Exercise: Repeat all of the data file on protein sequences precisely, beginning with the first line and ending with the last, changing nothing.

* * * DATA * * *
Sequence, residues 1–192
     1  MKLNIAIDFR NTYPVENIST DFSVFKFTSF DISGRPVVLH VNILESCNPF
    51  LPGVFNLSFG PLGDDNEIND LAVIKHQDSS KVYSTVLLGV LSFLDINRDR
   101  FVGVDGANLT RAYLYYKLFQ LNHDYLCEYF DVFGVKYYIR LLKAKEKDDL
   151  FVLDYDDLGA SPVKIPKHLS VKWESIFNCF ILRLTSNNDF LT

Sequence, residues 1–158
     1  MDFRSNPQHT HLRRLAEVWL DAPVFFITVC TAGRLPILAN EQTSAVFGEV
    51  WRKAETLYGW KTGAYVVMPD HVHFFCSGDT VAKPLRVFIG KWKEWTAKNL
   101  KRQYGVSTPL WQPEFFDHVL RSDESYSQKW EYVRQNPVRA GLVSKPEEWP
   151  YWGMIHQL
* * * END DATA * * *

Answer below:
Sequence, residues 1–192
     1  MKLNIAIDFR NTYPVENIST DFSVFKFTSF DISGRPVVLH VNILESCNPF
    51  LPGVFNLSFG PLGDDNEIND LAVIKHQDSS KVYSTVLLGV LSFLDINRDR
   101  FVGVDGANLT RAYLYYKLFQ LNHDYLCEYF DVFGVKYYIR LLKAKEKDDL
   151  FVLDYDDLGA SPVKIPKHLS VKWESIFNCF ILRLTSNNDF LT

Sequence, residues 1–158
     1  MDFRSNPQHT HLRRLAEVWL DAPVFFITVC TAGRLPILAN EQTSAVFGEV
    51  WRKAETLYGW KTGAYVVMPD HVHFFCSGDT VAKPLRVFIG KWKEWTAKNL
   101  KRQYGVSTPL WQPEFFDHVL RSDESYSQKW EYVRQNPVRA GLVSKPEEWP
   151  YWGMIHQL